Usually when we show images of people packed into tiny closets, it is the poor, like the guy in Los Angeles who packed 44 apartments into a triplex, or the tiny rooms in Hong Kong that were parodied in We Love Tiny Houses and Apartments, But 16 Square Feet Is Just Too Small. In Silicon Valley, where housing is really expensive and hard to find, young coders and hackers voluntarily get packed in six to a room and appear to love it. Brian Chen writes in the New York Times:
This is not some kind of dorm, but a “hacker hostel.” It’s one of several in the Bay Area that offer short- or long-term stays for aspiring tech entrepreneurs on the bottom rung of the Silicon Valley ladder, those who haven’t yet achieved Facebook-level riches. These establishments put a twist on the long tradition of communal housing for tech types by turning it into a commercial enterprise.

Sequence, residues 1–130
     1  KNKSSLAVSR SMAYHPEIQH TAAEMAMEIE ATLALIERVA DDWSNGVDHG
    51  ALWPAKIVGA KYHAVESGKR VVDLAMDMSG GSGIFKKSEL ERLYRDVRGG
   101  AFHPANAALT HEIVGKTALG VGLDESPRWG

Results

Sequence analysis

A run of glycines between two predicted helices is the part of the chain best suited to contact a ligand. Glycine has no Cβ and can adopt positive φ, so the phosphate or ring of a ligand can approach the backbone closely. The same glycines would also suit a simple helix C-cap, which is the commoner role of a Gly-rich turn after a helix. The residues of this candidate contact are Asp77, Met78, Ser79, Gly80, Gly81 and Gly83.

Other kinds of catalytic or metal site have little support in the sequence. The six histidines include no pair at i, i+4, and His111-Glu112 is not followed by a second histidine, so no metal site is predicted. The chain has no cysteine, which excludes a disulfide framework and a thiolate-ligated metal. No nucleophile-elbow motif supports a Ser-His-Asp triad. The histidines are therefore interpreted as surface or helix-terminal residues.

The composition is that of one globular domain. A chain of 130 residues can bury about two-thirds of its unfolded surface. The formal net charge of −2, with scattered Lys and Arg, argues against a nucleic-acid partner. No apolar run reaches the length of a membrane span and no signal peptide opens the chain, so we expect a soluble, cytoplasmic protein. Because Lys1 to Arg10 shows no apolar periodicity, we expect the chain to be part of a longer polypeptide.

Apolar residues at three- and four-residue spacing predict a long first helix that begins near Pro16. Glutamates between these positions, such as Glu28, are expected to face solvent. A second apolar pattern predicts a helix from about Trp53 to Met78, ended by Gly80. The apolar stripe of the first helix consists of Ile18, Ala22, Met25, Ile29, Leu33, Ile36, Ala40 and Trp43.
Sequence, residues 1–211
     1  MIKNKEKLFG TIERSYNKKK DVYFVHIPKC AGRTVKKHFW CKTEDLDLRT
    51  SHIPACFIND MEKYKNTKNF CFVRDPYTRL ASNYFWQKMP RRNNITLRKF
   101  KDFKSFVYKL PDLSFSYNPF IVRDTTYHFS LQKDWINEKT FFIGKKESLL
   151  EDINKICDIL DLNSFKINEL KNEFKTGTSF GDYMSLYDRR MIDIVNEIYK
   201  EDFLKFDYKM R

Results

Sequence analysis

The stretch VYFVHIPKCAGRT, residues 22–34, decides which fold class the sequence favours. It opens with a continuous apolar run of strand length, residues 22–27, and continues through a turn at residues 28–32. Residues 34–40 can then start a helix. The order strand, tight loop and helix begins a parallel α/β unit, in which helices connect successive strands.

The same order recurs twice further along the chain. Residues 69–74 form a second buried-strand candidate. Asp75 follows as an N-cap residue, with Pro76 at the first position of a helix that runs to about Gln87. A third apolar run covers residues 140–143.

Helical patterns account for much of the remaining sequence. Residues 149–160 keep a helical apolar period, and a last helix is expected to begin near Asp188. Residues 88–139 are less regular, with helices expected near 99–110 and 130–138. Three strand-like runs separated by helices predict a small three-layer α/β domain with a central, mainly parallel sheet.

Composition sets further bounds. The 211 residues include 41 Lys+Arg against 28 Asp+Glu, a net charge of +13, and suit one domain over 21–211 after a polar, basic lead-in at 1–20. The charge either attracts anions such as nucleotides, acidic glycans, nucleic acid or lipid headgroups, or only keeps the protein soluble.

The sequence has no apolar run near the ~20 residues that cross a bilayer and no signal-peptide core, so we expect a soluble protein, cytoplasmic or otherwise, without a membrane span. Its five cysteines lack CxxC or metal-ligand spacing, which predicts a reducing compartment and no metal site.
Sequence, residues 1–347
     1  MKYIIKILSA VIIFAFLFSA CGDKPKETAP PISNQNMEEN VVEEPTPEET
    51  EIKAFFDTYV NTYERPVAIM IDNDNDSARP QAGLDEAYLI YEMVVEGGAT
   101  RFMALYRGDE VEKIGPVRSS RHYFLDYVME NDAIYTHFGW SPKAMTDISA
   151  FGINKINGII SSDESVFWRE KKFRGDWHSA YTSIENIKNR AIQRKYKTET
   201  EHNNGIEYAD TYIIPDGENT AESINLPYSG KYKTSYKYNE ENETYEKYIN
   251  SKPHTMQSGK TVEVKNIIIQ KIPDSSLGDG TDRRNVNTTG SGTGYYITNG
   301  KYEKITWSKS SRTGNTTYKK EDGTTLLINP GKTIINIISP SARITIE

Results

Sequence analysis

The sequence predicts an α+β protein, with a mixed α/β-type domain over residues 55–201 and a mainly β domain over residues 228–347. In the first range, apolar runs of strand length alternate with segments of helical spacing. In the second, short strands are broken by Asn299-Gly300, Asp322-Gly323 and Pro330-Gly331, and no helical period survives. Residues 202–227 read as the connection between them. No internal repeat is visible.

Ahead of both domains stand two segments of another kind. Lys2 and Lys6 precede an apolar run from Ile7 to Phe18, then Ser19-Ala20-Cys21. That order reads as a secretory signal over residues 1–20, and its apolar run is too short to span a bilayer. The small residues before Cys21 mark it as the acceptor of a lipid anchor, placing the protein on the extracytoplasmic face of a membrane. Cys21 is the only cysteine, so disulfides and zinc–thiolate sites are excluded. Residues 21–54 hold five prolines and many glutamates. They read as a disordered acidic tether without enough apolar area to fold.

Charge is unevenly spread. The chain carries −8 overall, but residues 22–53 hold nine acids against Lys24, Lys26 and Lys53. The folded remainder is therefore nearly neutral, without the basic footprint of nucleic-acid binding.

The crowd is carefully curated; at Chez JJ, a host or "captain" is responsible for filtering out those who might not fit the model.
The captains, all women, screen for personalities and occupations, rejecting applicants who are not techies or simply have a poor attitude. Sasha Willins, a 26-year-old graphic designer who is captain of the San Francisco apartment, has a gentle way of saying no. “It’s not so much rejecting as it is asking so many questions until they withdraw their application,” she said.
According to the comments on AirBnB, people who have stayed there have found it "inspiring." More in the New York Times